SHAPIRO: The Zimmerman prosecutors’ overreach

Pursuing a baseless conviction is a disservice to justice

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A jury in the Trayvon Martin case acquitted George Zimmerman after 15 hours of deliberations, but the state should have dismissed its case before it was submitted to a jury, and outcries for federal prosecution are inappropriate under the circumstances.

The state of Florida failed to prove the defendant’s guilt during its case, and based on the standard of probable cause, dismissing the case would have been the right thing to do.

Now the Zimmerman case may be remembered as one of the most meritless and politically motivated prosecutions in criminal justice history — a desperate attempt by politicians to prove they were not racist by bowing to racial tensions sweeping the nation.

Still, misguided liberals refuse to respect the Florida verdict, and are instead calling for federal intervention from the Obama administration.

Sunday afternoon, the Associated Press reported that the Justice Department would “determine whether the evidence reveals a prosecutable violation of any of the very limited federal criminal civil rights statutes within our jurisdiction governing successive federal prosecution following a state trial.”

However, legal experts have conceded this would be extremely difficult because of the high threshold of evidence required.

Civil rights violations are typically reserved for abuse of power cases where officials fail to prosecute someone guilty or railroad an innocent person. But that wasn’t the case here. Mr. Zimmerman was in fact prosecuted, and found innocent.

Instead of pressuring the Justice Department to prosecute a private citizen for murder charges of which he has already been cleared, critics should consider what many Americans have already accepted: that there was never a valid criminal case to begin with.

Consider the evidence: A key witness called by the state who saw the confrontation between Mr. Zimmerman and Trayvon implied that Trayvon was actually the attacker. One police interrogator testified that the defendant did not appear to demonstrate ill will, hatred or spite toward the alleged victim, the elements required to secure a second-degree murder conviction. Once prosecutors realized they couldn’t prove any of those elements, they asked the judge if they could add the lesser manslaughter charge. Another detective testified that he found Mr. Zimmerman’s account credible.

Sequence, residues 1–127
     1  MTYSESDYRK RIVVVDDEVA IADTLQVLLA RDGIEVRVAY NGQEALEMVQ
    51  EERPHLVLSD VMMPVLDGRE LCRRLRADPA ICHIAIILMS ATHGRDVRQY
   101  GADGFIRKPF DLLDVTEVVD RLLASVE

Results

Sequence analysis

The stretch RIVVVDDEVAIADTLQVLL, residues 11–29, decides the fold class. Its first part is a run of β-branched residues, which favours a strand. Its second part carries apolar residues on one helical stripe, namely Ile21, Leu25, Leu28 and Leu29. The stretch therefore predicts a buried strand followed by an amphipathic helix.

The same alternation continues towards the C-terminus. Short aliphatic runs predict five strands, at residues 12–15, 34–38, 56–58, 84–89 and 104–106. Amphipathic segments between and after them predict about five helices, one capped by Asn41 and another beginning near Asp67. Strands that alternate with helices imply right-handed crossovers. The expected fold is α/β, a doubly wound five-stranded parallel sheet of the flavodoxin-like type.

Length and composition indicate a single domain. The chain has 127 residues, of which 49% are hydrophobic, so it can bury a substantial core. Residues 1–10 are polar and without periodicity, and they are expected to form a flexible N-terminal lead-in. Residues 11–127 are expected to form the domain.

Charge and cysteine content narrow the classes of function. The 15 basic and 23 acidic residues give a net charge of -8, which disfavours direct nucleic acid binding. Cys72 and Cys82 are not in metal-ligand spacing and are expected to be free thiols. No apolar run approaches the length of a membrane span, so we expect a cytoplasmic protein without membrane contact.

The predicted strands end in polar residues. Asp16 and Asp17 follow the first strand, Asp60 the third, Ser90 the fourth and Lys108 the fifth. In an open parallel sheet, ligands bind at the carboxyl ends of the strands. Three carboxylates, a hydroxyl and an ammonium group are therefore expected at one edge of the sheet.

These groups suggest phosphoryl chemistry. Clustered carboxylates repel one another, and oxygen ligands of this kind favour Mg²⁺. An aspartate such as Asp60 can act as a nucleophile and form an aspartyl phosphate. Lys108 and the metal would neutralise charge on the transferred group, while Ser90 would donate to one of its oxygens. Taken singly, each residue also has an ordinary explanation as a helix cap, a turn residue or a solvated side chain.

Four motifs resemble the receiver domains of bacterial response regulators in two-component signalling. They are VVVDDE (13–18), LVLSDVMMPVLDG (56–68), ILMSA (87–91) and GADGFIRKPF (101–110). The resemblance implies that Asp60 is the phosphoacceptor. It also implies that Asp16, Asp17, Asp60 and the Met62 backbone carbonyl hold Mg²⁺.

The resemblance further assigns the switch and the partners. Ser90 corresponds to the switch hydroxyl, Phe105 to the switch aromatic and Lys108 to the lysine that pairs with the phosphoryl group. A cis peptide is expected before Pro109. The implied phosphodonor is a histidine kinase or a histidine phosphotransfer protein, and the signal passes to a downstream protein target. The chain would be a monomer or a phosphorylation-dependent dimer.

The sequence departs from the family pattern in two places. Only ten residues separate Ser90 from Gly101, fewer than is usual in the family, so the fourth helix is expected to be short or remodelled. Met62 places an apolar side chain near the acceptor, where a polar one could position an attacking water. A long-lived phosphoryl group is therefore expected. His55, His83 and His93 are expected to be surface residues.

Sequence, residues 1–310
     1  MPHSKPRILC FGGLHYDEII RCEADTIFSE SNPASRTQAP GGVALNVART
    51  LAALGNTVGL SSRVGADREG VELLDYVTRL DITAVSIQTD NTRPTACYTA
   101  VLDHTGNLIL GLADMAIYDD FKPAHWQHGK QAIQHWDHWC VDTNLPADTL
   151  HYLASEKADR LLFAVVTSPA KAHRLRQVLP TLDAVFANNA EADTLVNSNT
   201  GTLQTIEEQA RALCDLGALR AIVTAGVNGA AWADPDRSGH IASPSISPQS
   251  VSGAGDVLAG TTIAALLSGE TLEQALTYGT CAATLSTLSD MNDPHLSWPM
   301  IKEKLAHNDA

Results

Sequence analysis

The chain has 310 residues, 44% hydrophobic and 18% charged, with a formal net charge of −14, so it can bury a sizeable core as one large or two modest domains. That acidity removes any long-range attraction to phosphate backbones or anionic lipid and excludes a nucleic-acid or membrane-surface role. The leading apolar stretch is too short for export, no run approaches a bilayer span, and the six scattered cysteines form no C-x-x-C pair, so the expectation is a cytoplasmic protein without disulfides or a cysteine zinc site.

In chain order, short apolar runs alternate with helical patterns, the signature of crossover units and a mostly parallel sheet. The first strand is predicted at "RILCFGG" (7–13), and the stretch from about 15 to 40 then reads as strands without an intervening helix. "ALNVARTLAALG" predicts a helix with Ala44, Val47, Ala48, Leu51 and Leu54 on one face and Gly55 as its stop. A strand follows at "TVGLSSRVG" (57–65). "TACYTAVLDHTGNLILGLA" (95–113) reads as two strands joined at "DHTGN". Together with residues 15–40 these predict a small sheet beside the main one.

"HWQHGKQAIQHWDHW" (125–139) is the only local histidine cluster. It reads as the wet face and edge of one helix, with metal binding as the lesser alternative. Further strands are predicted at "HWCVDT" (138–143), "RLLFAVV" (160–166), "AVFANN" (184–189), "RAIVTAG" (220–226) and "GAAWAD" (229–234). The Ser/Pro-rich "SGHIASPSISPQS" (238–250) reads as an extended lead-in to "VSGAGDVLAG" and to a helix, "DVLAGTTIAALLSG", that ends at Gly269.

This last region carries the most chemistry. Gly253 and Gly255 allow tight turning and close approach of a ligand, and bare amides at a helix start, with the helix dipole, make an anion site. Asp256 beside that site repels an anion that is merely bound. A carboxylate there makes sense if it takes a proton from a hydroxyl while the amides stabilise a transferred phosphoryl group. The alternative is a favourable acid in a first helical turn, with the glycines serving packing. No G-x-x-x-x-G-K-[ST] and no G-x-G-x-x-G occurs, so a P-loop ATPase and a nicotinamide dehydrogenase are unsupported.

Ironically, the prosecution’s case sounded a lot like a defense case.

Under Florida Bar Rule 3.8, prosecutors in a criminal case are required to “refrain from prosecuting a charge that the prosecutor knows is not supported by probable cause or make timely disclosure to the defense of all evidence or information known to the prosecutor that tends to negate the guilt of the accused or mitigates the offense .”

Despite this rule, when charges were originally filed, the state reportedly withheld material evidence that supported Mr. Zimmerman’s self-defense claims — photographs of his physical injuries. One day after closing arguments were finished, the state proved its vindictiveness by firing its information technology specialist after he testified about the withholding of evidence in open court.

Apparently in Florida, testifying to the truth, the whole truth and nothing but the truth is not acceptable when a state employee’s testimony exposes wrongdoing.

Florida’s special prosecutor Angela Corey said early on that it was her job was “to do justice for Trayvon Martin.”

She was wrong.

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About the Author
Jeffrey Scott Shapiro

Jeffrey Scott Shapiro

Jeffrey Scott Shapiro is a nationally recognized investigative journalist and a former Washington, D.C., prosecutor. He is currently general counsel for MDB International, a D.C.-based international investigations firm, and a legal analyst for The Washington Times. He can be reached at

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